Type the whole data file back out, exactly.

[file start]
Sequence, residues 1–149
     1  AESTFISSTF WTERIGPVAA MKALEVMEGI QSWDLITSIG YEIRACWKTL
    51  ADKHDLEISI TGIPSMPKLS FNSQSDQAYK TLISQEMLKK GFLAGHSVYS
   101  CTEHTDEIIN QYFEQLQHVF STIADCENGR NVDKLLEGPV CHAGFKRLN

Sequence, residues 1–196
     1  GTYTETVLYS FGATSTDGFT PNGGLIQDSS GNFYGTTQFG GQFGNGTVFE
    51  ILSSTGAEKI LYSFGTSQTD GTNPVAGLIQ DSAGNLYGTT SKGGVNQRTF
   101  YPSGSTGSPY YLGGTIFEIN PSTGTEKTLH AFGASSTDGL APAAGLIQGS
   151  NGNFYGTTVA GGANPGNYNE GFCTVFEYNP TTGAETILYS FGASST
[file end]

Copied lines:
Sequence, residues 1–149
     1  AESTFISSTF WTERIGPVAA MKALEVMEGI QSWDLITSIG YEIRACWKTL
    51  ADKHDLEISI TGIPSMPKLS FNSQSDQAYK TLISQEMLKK GFLAGHSVYS
   101  CTEHTDEIIN QYFEQLQHVF STIADCENGR NVDKLLEGPV CHAGFKRLN

Sequence, residues 1–196
     1  GTYTETVLYS FGATSTDGFT PNGGLIQDSS GNFYGTTQFG GQFGNGTVFE
    51  ILSSTGAEKI LYSFGTSQTD GTNPVAGLIQ DSAGNLYGTT SKGGVNQRTF
   101  YPSGSTGSPY YLGGTIFEIN PSTGTEKTLH AFGASSTDGL APAAGLIQGS
   151  NGNFYGTTVA GGANPGNYNE GFCTVFEYNP TTGAETILYS FGASST